Last year, U.S. treasury bonds and the related ETF began falling away from what we had long been treating as the completion of an ending diagonal pattern. The decline was fairly abrupt until price approached the lower edge of the diagonal, where we saw the beginning of a retracement.
Our last piece about treasuries and the iShares 20+ Year Treasury Bond ETF (NYSEARCA:TLT), posted in January, indicated we were expecting price to bounce from a support zone near the edge of the pattern. In fact the retracement began from slightly higher than we expected.
Hopefully traders who had acted on our earlier bearish forecast for bonds and TLT noted the signals that it was time to close the short trade. Downward momentum had begun decreasing, and a consolidation appeared to be forming at the turn of the year. Even though price did not reach quite as low as we expected on that move, there were downward thrusts even after momentum had started decreasing. Those downward thrusts were the exit opportunities.
The choppy rise from the turn of the year appears to have been corrective, in this case meaning that it should be treated as a retracement. Even though there is more than one way to count the downward move from 2016, the most probable scenarios say the next trade should be downward.
Treating the entirety of the strong decline from 2016 as wave (i) of a developing downward pattern, our main scenario views the upward retracement as corrective wave (ii). Consistent with that count, we would watch for resistance between the current area and the next Fibonacci retracement level of 127.00. If that view is correct, then a very powerful downward wave (iii) could start from near the present area.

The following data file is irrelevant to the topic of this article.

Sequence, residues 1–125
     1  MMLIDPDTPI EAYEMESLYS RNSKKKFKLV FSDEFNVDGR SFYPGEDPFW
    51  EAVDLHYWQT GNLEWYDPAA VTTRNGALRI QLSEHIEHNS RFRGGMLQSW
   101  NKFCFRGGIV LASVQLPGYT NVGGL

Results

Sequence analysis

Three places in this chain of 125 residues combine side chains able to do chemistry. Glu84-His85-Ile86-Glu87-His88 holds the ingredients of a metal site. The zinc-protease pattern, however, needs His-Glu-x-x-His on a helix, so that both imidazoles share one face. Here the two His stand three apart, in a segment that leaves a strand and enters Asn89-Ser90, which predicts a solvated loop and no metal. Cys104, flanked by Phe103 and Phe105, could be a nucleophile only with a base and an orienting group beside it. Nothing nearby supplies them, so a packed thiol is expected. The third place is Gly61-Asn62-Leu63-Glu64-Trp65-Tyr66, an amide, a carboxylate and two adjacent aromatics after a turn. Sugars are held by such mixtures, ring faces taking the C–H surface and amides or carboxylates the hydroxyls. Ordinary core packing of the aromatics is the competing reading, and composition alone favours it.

Traders should be mindful of two additional scenarios. First, the upward retracement might not be the wave (ii) counterpart to the big downward wave (i). Instead, it might represent an internal correction that needed to take place before downward wave (i) is really finished. In that case, we would view the correction as sub-wave ‘iv’ inside wave (i). The move out of the correction would still be downward, but it could find support in an area slightly lower than the lows of early 2017. The big, dramatic wave (iii) decline would have to wait for a later time.
A second alternative to keep in mind is that the rally from late 2016 might represent merely the first part of a wave (ii) correction. In that case, we would probably see a choppy downward/sideways move play out for several months, with price possibly even re-testing the lows from December and March. We would then see another rally to test higher retracement levels not yet shown on the weekly chart here.
The dominant cycle suggested by the Lomb periodogram and other cycle tools suggests that the present area represents a local high, with the next downward or sideways phase expected to persist at least until autumn 2017.
There is not a single best trade strategy for this set of Elliott wave scenarios. The right strategy depends on one’s own trading style and time frame. However, knowledge of the main and alternative counts helps a trader know where to place protective stops and where to consider profit-taking.
In this case, we don’t expect TLT to rise much beyond the nearby resistance… but it could. That tells you approximately where to place stops if you are in a short trade. Meanwhile, we expect the next downward move to push substantially beneath prior lows… but it does not have to. That tells you where to pay attention to other types of signals on your charts that would mark a decrease in downward momentum instead of an increase.